In this post I am going to discuss how a change in labour force growth can explain firms’ entry/ exit rates. Recent findings by Hopenhayn et al (2018) for the US motivated me to think about this relationship in a NZ context.
Furthermore, the authors linked these entry and exit rates to “dynamism” and therefore productivity growth – a link I wanted to think about a bit more carefully.
Hopenhayn et al (2018) found that declining business dynamism in the US over time has been due to the declining labour force growth. Marginal Revolution has a nice run down of it here.
The intuition behind this result is that, when labour force growth accelerates current firms cannot absorb the new workers. As a result, new firms (young and small) enter. Such a dynamic leads to additional competition, a reduction in concentration and the average size of firms, and the destruction of inefficient firms – helping to drive dynamism.
How does this logic apply to NZ economy?
This finding fits our business dynamism and labour force growth story very well. NZ firms have high entry/exit rates as shown by the Productivity Commission, earlier MED/MBIE work, Treasury, and the OECD. Furthermore, the labour force has grown considerably due to immigration and rising labour force participation rates.
As a result, there is a link between the high labour force participation level and high entry and exit rates – which seems consistent with the Hopenhayn et al (2018) study but with the opposite sign! [Note: We would want more information on how entry and exit rates had changed to say it was the same result]
However, if the NZ experience can be viewed this way it provides somewhat of a puzzle – if “business dynamism” is happening here why is our multi-factor productivity so low?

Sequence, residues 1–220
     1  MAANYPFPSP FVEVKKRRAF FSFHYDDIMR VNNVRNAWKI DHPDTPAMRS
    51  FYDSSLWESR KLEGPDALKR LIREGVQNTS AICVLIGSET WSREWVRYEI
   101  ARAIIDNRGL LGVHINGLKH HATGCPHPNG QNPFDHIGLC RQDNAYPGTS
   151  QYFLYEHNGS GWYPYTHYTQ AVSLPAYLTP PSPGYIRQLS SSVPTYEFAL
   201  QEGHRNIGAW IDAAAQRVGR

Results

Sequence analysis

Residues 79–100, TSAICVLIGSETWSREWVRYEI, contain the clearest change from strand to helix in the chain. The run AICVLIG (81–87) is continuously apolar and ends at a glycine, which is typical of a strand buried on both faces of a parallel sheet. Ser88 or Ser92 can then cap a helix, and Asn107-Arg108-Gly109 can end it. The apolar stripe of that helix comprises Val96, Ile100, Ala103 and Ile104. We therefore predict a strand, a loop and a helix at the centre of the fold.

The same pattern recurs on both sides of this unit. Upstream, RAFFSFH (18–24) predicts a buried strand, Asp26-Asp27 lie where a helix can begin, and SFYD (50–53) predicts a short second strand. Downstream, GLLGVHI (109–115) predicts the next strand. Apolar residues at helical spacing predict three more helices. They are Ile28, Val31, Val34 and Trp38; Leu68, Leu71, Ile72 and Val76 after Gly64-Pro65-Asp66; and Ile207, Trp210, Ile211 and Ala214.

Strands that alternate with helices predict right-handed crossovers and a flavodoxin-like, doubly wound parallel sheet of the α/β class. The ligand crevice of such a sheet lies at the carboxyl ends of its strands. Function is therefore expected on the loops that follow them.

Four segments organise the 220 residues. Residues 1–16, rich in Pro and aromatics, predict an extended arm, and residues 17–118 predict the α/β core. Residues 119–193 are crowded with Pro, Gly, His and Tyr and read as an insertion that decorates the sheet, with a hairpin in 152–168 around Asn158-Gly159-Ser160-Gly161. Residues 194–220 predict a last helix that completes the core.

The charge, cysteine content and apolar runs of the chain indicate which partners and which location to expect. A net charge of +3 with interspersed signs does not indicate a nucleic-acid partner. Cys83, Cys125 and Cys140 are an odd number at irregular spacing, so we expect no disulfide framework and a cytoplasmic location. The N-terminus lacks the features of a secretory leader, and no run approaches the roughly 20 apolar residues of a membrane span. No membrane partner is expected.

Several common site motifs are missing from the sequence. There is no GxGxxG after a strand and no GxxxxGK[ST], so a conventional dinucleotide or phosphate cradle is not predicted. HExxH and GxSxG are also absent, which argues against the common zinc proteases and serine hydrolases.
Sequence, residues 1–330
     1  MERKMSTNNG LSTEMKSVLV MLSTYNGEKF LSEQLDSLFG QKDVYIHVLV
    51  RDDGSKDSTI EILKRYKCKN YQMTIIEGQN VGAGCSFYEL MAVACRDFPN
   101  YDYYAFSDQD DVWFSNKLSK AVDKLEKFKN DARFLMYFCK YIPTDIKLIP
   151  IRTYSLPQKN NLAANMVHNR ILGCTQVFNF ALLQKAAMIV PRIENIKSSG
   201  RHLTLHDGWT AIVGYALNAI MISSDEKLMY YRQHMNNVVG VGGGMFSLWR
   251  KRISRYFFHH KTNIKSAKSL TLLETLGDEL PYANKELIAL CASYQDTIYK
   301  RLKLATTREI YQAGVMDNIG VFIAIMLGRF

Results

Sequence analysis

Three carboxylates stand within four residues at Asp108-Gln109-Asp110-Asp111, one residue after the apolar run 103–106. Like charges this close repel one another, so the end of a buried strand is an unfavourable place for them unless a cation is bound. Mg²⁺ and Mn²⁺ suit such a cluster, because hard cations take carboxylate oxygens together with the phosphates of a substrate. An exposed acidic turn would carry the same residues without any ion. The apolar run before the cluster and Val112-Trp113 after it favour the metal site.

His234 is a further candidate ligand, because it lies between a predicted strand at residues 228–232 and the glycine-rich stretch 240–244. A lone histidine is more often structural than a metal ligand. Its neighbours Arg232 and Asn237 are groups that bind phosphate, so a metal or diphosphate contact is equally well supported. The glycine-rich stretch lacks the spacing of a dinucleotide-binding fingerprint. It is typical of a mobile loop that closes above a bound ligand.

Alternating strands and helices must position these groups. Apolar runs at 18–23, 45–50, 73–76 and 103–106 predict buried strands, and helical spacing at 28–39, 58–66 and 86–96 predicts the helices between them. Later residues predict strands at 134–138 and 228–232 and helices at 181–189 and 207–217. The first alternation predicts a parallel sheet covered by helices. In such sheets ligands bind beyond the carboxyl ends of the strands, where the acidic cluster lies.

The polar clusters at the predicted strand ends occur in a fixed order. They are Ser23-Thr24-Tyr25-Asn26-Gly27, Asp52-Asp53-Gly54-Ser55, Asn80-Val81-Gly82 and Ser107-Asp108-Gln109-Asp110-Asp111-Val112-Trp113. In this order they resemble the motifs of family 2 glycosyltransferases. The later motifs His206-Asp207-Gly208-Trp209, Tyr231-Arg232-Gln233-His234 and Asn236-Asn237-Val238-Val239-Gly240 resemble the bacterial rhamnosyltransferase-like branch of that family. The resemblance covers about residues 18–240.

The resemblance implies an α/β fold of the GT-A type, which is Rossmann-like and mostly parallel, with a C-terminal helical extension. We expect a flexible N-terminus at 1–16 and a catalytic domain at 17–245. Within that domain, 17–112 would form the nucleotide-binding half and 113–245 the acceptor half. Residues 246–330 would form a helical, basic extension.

Often the assumption is that high rates of firm creation and destruction facilitate innovation and new technology adoption. This creative destruction then helps to boost productivity growth – and explains the positive relationship observed between entry and exit rates and productivity in the OECD.
However, it is important to dig deeper. The OECD’s “One size does not fit all” paper shows that two countries have very high entry rates but low average post-entry growth: New Zealand and Turkey.
Not all destruction and creation are creative
Imagine a world where it is very cheap and easy to set up a business, and moreso you are given support when you do that. But after a year or two the support dries up and everything becomes compliance heavy.
In that sort of situation firms will be destroyed and new firms created that are doing the same thing with the same technology. Another term for this is that there is excessive churn in the number of firms that is not due to changing economic fundamentals – such churn limits the incentives to invest, and reduces institutional capital that comes from operating for a protracted period of time.
As a result, understanding why firms are being destroyed and created – rather than simply viewing all creation and destruction as a product of “creative destruction” matters.